44

What are the symptoms of PMD?

Impaired motor development, mystagmus (abnormal movements), ataxia, choreoathetosis (abnormal movements of the upper limbs), cognitive impairment

45

What are the mouse models of PMD?

Spontaneously occuring mutations in mice and rats e.g. rumpshaker and jimpy, mice and the myelin deficient rat
Transgenic animals e.g. PLP1 gene knockout mice, PLP1 overexpressing mice and rats

46

What causes CNS hypomyelination in mice?

Point mutation in PLP1 gene

47

What is adrenoleukodystrophy (X-ALD)?

Caused by mutations in the X-linked gene (not known as) adenosine triphosphate binding cassette transporter (ABCD1) gene

48

What does X-ALD code for?

A peroxisomal membrane protein (ALDP)

49

What are peroziomes?

Ubiquitous organelles that detoxify reactive oxygen species, B-oxidation of long fatty acids, synthesise plasmalogens

50

Who does X-ALD affect?

Approx. 1:20,000 males (X linked recessive)

51

What happens in X-ALD?

Adrenal atrophy
Extensive demyelination
Perivascular accumulation of lymphocytes and plasma cells in the CNS
Accumulation of very long chain fatty acids in adrenal cortical cells and microglial
Markedly shortened lifespan

52

Wha is used to treat ALD?

Gene therapy

53

What was done by Cartier et al (2009) to treat ALD?

Transduced haematopoietic stem cells of two patients with a lentivirus encoding for a functional ABCD1 and transplanted back into the patients
Low levels of ABCD1-expression in peripheral blood cells (only 15% of leukocytes produced ABCD1)
Progressive cerebral demyelination stopped in both patients and the levels of very long chain fatty acids in the plasma as indicators for disease activity decreased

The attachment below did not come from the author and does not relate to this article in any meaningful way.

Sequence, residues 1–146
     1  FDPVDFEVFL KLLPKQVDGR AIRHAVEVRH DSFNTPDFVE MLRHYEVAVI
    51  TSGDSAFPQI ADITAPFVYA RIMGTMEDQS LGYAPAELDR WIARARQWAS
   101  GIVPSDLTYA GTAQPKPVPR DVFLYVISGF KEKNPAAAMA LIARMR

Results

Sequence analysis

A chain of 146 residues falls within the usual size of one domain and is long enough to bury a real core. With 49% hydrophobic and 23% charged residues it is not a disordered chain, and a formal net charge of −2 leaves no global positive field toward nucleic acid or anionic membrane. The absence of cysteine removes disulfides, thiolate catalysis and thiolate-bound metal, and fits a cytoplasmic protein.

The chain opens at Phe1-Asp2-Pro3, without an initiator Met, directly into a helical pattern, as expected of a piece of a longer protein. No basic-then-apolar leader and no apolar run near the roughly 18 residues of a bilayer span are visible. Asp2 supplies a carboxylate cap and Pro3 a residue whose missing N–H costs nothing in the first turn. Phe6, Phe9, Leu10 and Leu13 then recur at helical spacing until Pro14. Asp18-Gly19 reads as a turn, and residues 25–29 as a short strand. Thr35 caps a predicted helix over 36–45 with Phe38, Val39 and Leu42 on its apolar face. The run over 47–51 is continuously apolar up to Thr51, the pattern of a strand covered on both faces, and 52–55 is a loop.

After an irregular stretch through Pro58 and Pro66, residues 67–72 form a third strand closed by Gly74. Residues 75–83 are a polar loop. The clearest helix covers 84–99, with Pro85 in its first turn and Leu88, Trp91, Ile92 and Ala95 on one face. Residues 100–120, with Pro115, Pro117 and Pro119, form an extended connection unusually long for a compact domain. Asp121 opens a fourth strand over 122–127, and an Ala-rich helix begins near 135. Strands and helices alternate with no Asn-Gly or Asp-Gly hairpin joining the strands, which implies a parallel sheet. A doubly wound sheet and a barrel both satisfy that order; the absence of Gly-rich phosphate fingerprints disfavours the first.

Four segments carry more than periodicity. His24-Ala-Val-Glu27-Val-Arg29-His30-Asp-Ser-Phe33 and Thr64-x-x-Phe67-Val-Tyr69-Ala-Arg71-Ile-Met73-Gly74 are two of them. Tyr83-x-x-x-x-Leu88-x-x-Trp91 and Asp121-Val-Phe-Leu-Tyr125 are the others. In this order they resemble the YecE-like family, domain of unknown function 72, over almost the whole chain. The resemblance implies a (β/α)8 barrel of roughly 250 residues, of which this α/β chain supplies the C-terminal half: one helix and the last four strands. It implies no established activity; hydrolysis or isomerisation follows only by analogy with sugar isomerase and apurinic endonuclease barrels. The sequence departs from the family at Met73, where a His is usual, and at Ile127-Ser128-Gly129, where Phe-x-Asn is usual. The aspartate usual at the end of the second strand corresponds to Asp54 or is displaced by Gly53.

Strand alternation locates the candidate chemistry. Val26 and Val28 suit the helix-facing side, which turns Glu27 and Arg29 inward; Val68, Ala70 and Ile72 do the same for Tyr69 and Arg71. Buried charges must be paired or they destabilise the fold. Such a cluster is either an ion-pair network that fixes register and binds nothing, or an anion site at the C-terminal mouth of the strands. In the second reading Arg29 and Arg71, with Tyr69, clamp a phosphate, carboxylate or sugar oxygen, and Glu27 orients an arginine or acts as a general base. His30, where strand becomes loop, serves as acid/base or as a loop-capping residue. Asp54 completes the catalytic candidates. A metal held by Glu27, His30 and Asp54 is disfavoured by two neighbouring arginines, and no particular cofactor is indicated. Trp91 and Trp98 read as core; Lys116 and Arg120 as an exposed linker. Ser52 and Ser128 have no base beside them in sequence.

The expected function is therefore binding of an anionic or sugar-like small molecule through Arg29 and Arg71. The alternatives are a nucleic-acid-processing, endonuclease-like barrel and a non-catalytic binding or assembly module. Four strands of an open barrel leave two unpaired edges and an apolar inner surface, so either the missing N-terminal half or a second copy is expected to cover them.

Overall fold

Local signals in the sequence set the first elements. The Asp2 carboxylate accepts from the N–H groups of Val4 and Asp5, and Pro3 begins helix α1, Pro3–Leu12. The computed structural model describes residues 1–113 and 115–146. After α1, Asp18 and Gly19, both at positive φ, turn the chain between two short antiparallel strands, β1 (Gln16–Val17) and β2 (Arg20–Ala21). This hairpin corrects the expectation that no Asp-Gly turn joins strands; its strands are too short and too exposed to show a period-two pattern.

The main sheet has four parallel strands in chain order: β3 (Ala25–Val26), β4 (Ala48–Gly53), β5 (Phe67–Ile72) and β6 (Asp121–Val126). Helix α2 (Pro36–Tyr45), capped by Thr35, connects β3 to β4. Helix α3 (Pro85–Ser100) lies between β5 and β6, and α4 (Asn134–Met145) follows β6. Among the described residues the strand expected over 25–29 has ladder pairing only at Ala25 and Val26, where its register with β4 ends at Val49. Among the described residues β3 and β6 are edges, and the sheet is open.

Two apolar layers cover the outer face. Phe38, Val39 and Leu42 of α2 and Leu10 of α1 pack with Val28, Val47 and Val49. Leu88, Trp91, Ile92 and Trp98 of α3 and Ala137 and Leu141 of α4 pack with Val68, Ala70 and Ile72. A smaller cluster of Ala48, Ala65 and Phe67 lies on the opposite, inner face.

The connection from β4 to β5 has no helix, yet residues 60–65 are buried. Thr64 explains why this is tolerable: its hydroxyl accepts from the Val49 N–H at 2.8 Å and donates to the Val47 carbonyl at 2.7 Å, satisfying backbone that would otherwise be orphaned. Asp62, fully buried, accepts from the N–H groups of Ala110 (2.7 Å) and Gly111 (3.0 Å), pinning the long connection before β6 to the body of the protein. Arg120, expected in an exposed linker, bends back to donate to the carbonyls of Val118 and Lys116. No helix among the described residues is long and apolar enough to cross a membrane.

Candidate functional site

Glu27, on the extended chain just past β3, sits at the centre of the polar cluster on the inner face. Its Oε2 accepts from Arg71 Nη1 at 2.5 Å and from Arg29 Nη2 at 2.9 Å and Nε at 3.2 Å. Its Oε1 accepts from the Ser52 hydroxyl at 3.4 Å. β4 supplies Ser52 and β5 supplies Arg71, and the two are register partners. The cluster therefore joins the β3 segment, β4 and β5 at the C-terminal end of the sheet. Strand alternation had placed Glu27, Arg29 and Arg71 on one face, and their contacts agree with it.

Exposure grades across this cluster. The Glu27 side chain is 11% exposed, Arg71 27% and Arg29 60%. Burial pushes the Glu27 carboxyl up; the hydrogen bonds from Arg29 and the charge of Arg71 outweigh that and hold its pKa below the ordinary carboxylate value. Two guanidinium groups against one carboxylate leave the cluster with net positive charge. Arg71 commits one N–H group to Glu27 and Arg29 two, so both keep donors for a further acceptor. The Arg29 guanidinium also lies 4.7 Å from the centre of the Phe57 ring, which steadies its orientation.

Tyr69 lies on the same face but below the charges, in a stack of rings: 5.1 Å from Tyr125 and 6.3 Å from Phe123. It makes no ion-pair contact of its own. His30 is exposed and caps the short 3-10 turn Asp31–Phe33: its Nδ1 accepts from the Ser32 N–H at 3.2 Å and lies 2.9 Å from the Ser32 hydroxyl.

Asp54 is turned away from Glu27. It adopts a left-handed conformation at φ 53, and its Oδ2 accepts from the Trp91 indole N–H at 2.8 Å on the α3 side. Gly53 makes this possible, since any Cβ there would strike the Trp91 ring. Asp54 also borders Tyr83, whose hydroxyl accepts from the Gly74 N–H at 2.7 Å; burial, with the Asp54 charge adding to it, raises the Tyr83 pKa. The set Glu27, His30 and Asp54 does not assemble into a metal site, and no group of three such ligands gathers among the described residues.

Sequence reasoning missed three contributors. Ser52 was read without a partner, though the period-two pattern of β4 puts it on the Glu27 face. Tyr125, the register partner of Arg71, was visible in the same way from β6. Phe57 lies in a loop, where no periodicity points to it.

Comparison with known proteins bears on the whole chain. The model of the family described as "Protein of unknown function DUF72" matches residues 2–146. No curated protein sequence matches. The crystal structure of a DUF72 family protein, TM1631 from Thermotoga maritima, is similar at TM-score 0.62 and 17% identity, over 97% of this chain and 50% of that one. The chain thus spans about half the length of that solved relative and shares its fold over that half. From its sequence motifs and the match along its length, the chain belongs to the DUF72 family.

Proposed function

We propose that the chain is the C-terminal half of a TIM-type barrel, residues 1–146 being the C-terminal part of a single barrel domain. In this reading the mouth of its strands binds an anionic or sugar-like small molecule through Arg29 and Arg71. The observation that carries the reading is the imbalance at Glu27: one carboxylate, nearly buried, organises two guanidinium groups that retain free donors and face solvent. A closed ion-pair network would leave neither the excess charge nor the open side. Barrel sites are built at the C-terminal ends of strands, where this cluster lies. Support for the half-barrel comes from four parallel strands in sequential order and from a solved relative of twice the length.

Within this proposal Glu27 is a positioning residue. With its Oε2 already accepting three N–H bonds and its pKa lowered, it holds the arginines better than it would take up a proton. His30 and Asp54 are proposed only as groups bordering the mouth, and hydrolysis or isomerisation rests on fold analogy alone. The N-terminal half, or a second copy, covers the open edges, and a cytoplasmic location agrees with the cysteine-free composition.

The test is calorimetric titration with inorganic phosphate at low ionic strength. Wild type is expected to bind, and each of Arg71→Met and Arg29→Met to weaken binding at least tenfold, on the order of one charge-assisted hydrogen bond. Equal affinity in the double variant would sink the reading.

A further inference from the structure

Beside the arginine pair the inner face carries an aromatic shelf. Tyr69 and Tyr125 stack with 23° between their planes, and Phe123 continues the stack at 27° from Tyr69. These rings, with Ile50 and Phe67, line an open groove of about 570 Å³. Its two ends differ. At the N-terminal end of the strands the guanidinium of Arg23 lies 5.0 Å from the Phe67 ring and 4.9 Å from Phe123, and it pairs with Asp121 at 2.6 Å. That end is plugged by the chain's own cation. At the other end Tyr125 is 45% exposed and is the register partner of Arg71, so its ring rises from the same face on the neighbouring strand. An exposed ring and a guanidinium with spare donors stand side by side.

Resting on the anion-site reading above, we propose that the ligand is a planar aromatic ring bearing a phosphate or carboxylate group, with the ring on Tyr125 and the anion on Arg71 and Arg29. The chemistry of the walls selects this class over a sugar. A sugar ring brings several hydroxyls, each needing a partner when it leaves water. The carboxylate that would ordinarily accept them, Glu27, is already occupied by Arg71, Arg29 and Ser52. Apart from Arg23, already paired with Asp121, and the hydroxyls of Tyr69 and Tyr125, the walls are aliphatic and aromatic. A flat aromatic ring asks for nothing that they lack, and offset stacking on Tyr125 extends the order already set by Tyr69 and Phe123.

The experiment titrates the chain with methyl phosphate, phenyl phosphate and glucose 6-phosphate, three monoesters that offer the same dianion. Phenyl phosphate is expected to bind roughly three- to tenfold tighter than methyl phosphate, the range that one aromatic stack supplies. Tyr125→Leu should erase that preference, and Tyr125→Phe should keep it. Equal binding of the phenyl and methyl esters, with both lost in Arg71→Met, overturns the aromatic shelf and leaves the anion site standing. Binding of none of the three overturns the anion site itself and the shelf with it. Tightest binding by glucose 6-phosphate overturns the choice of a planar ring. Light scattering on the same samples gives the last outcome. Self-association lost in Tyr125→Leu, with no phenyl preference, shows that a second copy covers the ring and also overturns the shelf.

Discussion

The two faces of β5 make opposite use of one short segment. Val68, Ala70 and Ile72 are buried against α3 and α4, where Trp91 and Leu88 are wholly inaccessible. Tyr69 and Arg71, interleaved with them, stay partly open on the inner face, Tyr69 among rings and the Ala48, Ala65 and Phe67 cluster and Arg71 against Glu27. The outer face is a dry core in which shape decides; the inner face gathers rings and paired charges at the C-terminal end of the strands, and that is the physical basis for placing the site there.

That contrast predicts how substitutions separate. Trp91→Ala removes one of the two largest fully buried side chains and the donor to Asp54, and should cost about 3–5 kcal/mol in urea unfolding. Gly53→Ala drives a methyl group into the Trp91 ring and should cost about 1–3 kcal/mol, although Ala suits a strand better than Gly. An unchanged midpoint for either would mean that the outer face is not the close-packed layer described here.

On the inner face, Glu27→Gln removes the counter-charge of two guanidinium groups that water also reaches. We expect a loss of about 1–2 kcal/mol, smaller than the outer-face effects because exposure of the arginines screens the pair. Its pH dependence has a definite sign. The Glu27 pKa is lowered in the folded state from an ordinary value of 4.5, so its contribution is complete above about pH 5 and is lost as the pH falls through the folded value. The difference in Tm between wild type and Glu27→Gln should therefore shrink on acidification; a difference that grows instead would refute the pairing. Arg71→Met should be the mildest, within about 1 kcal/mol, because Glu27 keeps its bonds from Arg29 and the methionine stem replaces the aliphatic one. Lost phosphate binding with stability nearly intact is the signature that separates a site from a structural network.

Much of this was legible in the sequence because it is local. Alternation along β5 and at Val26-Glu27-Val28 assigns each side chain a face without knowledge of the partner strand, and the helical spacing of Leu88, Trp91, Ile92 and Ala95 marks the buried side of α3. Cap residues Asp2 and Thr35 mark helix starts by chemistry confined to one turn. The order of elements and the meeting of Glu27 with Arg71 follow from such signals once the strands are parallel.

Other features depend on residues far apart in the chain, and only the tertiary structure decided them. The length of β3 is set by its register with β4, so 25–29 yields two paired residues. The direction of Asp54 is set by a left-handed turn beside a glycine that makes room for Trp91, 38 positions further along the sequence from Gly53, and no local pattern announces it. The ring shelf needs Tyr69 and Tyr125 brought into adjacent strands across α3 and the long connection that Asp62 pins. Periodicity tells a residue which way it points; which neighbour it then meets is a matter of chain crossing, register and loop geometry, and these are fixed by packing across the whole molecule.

54

What is used in gene therapy for treating X-ALD?

Haematopoietic stem cell gene therapy with a lentiviral vector

55

What is M.S,?

Inflammatory demyelinating disease of the CNS- considered to have an autoimmune aetiology?

56

What is the lifetime risk for northern European Caucasians of getting MS?

1 in 400

57

What is the most common cause of neurological disability in young adults?

M.S.

58

How many people does MS affect in the UK?

approx 80,000

59

What is the prevalence of MS in Scotland?

>200 per 100,000

60

Who's more likely to get MS?

Women

61

What does MS cause?

Chronic disability

62

What is the cause of MS?

Unknown

63

What is demyelination associated with?

An invasion of T cells and macrophages (inflammation)

64

What do T cells do?

Normally detect bacterial or viral infections

65

What do macrophages do?

"Called up" to kill bacteria or infected cells

66

What has been used to block inflamamtion and cure MS?

Sterois
Interferon-B
Natalizumab
FTY720

67

What did steroids do as MS treatment?

Used for acute relapses

68

What did Interferon-B do as MS treatment?

30% reduction in acute disease activity

69

What did Natalizumab do as MS treatment?

60% reduction in acute disease activity

70

What did FTY720 do as MS treatment?

60% reduction in acute disease actitvity

71

What were the problems with these substances used to block inflammation in MS?

Many non responders
Far less effective in progressive MS
No effect on accumulation of disability

72

What causes axonal damage?

Soluble inflammatory products
Glutamate toxicity
Cytotoxic CD8 T cells
Autoantibodies
Demyelination

73

What are some examples of soluble inflammatory products?

Nitric oxide, lipases, proteases, cytokines

74

What causes demyelination?

Exarcebrates effects of NO
Disrupts trophic support
Aberrant ion channel expression
Exposure of "neo-antigenic targets"

75

What does myelin provide?

Metabolic support for axons

76

What does NO mediate?

Acute conduction block

77

What is NO associated with?

Axonal damage

78

How can effects of NO be exacerbated?

Demyelination
High frequency transmission

79

What should treatment for MS combine?

Anti-inflammatory and neuroprotective strategies